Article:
Sam, Chomsky killed you in self-defense, and he didn't start your mess.  Let it go.



Tristan Tzara was born Samuel Rosenstock in Moine┼čti (a small town in Romania, some 200 miles north of Bucharest) on April 16, 1896. At the time, Romania was still using the Julian calendar. By the modern calendar, his birthday would be April 28, which, as Hentea points out, happens to be the day when the Romanian Orthodox Church celebrates the martyr Dada. (This is not a Dadaist joke.) Although he was born into an affluent middle-class milieu, Samuel lacked something important: a country. Until the end of the First World War, Jews in Romania were rarely citizens, even when they were born there, even after several generations. Those who did gain Romanian citizenship – for example, decorated war veterans or influential financiers – were naturalized on an individual basis, through a complicated legal procedure. Young Samuel must have found that unbearable, because around 1915 he decided he should have in his name what he didn’t have in real life: Tzara (“country”).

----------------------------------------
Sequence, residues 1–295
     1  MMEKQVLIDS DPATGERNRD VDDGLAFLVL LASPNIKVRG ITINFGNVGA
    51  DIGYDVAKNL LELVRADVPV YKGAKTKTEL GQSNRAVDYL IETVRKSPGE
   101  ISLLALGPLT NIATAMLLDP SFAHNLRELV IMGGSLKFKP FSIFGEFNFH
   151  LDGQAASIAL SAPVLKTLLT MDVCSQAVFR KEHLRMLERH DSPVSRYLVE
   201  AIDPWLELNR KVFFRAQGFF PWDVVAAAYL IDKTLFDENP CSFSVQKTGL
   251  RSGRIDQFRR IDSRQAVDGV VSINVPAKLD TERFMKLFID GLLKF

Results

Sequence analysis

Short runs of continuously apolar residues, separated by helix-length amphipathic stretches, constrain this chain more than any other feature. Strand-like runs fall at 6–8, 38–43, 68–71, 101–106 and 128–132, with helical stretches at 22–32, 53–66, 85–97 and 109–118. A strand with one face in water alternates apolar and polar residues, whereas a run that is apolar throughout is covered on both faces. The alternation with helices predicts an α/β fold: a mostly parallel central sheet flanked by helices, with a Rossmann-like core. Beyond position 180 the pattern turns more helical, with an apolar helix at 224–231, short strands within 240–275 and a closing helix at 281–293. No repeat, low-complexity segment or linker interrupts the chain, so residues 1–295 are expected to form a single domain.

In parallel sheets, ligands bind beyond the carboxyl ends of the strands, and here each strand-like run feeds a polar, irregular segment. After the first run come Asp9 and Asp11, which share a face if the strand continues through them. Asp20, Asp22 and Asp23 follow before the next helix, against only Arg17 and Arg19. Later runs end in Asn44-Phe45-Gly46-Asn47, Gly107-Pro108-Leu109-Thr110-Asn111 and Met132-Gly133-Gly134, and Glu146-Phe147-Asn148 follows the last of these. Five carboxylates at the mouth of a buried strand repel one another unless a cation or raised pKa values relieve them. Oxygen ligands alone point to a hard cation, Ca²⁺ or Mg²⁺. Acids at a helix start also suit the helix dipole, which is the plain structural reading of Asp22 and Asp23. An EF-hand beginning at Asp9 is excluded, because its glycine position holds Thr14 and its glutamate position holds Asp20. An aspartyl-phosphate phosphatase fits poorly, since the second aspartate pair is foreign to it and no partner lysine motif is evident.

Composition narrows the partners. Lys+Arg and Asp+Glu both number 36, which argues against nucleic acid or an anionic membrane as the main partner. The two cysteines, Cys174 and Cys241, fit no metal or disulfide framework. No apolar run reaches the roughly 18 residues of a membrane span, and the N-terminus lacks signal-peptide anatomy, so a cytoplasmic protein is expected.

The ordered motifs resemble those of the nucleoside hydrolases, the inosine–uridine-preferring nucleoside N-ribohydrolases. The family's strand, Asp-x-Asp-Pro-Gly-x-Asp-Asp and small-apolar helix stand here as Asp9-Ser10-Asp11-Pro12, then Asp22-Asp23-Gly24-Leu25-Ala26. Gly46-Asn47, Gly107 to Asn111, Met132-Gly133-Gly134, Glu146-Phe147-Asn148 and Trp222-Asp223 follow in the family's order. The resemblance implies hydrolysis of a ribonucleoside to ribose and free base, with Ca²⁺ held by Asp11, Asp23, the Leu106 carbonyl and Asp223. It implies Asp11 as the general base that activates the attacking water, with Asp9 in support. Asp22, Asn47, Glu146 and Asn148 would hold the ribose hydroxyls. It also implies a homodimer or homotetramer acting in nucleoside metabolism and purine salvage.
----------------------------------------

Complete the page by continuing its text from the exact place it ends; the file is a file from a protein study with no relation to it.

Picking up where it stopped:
A TLS review of a new bio of Tristan Tzara.

To Make a Dadaist Poem

Take a newspaper.
Take some scissors.
Choose from this paper an article the length you want to make your poem.
Cut out the article.
Next carefully cut out each of the words that make up this article and put them all in a bag.
Shake gently.
Next take out each cutting one after the other.
Copy conscientiously in the order in which they left the bag.